CM . . .
. Volume XXII Number 11. . . .November 13, 2015
Toronto, ON: Annick Press, 2015.
150 pp., pbk., hc., html & pdf, $12.95 (pbk.), $21.95 (hc.).
ISBN 978-1-55451-756-5 (pbk.), ISBN 978-1-55451-757-2 (hc.), ISBN 978-1-55451-758-9 (html), ISBN 978-1-55451-759-6 (pdf).
Grades 8-10 / Ages 13-15.
Review by Amy Westbury.
I sit and catch my breath and look across the river. The big manís still there, waving a fist in the air, his voice like a drone of mosquitos. I start yelling back at him, the two of us having a shouting match across a brown rustling river, his voice strong with rage while mine sounds scratchy and worn. Then we quiet, and itís just the two of us looking at one another like weíve run out of things to say. The whole thing is ridiculous Ė Mexico, the United States, what the two countries do to each other. All of itís a bad dream and itís like the militiaman and me are both waking up from it at the same time.
In Diegoís Crossing, 17-year-old Diego dreams of a brighter future in his small town near the Mexican-United States border. He tries to resist following the path of his criminal older brother but reality offers little hope. After a slow-paced opening, the novel quickly moves into high gear as the brutality of the Mexican drug trade begins to truly make a mark on the family as an unfortunate accident forces Diegoís hand as he must deliver drugs across the border in order to protect his family and save his brotherís life.
Participating in the exact business he and his father despise, Diego must traverse across dangerous drug-cartel territory and see the horrifying effects of heroin on all those involved with the drug. This first-person narrative unfolds itself in a gritty and action-packed manner that echoes the style of a hand held single-camera Hollywood film. Each part of Diegoís journey is well detailed with superb use of figurative language allowing easy visualization of the locations, characters and high-stake scenes in the novel.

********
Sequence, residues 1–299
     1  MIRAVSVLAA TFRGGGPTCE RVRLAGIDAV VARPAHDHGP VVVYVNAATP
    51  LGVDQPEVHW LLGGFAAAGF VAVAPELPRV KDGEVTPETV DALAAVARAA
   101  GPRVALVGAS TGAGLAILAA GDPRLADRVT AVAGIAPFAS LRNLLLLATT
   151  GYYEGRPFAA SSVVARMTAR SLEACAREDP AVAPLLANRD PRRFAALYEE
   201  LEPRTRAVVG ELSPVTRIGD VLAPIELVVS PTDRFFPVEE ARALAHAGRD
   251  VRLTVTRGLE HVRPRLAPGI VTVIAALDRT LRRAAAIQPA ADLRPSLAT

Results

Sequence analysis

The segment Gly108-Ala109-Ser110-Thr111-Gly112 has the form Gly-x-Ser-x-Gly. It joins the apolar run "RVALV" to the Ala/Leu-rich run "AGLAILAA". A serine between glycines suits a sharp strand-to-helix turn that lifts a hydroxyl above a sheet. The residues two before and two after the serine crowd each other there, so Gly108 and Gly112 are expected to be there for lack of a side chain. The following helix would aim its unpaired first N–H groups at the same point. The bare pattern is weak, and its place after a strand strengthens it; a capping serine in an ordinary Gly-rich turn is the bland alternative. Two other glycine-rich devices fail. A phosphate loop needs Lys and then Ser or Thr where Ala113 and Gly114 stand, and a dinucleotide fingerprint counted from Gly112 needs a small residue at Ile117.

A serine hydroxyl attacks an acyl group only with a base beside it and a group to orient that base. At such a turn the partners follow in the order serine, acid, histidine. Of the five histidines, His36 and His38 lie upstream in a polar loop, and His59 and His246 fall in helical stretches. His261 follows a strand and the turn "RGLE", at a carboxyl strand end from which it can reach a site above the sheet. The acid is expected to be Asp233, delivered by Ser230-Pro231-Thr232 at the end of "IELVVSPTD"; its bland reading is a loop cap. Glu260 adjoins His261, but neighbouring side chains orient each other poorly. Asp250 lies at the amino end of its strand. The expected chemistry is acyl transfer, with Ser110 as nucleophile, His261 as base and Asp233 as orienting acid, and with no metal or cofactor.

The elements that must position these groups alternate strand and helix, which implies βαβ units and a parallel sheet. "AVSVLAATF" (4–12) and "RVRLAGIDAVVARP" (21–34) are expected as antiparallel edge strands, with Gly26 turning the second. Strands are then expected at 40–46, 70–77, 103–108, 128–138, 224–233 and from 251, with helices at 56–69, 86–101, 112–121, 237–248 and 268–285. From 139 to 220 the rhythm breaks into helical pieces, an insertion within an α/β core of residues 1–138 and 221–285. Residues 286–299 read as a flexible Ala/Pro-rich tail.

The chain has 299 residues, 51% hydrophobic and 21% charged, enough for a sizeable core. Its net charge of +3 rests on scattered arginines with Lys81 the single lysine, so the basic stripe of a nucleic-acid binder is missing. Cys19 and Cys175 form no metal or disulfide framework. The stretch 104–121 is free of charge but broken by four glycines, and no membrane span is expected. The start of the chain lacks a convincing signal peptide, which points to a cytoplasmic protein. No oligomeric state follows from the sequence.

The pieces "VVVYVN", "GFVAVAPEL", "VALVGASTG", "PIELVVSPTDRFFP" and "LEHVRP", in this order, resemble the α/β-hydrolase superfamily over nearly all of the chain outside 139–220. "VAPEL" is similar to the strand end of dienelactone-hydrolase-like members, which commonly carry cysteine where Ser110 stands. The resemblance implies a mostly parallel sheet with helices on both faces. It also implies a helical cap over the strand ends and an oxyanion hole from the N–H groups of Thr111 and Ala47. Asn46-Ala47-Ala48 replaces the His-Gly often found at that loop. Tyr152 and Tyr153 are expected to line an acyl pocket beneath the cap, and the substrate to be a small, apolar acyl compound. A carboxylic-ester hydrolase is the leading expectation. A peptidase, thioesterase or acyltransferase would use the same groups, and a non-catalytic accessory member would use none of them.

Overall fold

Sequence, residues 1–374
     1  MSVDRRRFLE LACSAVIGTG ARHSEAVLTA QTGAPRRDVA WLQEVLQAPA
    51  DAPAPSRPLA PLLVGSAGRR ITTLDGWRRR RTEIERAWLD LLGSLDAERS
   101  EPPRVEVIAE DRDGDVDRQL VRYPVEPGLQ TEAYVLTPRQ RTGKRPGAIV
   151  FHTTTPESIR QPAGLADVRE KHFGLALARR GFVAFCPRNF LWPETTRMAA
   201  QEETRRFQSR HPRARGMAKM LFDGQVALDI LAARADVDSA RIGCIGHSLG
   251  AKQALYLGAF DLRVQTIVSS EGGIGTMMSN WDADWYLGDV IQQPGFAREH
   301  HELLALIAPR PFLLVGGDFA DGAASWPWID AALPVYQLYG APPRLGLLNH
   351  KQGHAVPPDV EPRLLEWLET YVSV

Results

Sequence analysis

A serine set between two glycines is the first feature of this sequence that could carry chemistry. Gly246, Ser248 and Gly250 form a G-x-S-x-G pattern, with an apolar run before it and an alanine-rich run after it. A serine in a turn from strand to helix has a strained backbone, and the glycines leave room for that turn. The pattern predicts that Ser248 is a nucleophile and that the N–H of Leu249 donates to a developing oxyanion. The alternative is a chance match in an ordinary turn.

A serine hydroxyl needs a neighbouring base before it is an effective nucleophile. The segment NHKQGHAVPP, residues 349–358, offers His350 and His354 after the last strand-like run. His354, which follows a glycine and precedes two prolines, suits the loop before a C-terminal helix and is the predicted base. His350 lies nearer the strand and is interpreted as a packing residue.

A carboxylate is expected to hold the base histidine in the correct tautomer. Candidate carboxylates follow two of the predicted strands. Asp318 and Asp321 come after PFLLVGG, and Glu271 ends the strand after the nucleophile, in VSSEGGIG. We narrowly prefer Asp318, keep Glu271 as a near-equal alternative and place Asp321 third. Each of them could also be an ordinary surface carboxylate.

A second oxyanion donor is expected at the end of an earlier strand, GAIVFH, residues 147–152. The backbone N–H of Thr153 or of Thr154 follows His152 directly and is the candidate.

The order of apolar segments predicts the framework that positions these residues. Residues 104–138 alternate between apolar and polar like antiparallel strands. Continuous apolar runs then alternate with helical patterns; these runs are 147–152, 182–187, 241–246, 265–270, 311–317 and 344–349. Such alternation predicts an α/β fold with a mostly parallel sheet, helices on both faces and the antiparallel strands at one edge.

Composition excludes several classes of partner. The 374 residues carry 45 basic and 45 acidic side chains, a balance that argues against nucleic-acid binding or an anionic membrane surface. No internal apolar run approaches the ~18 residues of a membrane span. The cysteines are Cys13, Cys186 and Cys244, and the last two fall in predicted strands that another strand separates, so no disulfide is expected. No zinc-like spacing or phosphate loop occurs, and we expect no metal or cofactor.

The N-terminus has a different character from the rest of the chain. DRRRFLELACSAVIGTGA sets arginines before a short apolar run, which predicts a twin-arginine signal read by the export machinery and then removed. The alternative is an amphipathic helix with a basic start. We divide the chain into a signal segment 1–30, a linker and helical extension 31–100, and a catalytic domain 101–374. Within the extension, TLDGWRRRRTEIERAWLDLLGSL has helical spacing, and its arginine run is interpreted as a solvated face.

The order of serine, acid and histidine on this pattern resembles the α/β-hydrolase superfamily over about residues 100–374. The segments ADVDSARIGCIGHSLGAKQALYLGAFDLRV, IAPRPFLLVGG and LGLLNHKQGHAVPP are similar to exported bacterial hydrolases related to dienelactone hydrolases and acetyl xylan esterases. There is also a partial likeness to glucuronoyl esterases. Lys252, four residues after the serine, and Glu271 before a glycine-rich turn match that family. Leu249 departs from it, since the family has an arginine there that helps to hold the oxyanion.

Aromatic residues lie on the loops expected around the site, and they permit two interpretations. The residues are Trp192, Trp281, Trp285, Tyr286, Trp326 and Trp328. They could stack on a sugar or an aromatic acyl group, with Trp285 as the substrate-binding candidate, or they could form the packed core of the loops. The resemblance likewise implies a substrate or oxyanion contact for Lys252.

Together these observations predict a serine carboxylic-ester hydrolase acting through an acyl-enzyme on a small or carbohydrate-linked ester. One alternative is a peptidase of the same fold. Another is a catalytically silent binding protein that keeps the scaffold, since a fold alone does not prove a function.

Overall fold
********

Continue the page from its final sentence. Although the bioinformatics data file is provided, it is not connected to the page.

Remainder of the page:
In his first young adult book, Robert Hough has done a solid job creating tension on the page with an ever-growing sense of danger from all angles of the story. The realities of the Mexican-United States border and the negative impact on those living near it are especially well examined. Readers will undoubtedly feel the heavy weight of the stress Diego carries on his shoulders: concern for his parents, anger at his brother, pressure from the drug cartel and the uncertain nature of his own future.
Teens readers will connect to themes of conflict, decision-making, and determining right from wrong. Yet the novel doesnít preach a preferred solution to its audience nor does it attempt to identify the correct path for the main character to take. Instead, Diegoís Crossing offers an opportunity to view the rocky path of male adolescence as it climbs through new terrain and into the transition to manhood.
With its open-ended conclusion, Diegoís Crossing leaves it up to the reader to determine what direction Diegoís life path will take: will he follow in his brotherís footsteps and enter the drug trade for himself, or will he find another way out of the shadows and away from the small-town and limited choices that confine him? This short but impactful novel is sure to engage all readers, including reluctant ones, and get them talking not only about Diegoís choices but also the decision they, themselves, face as they begin to cross into adulthood.
Amy Westbury is a teacher-librarian at Bruce Trail Public School in Milton, ON
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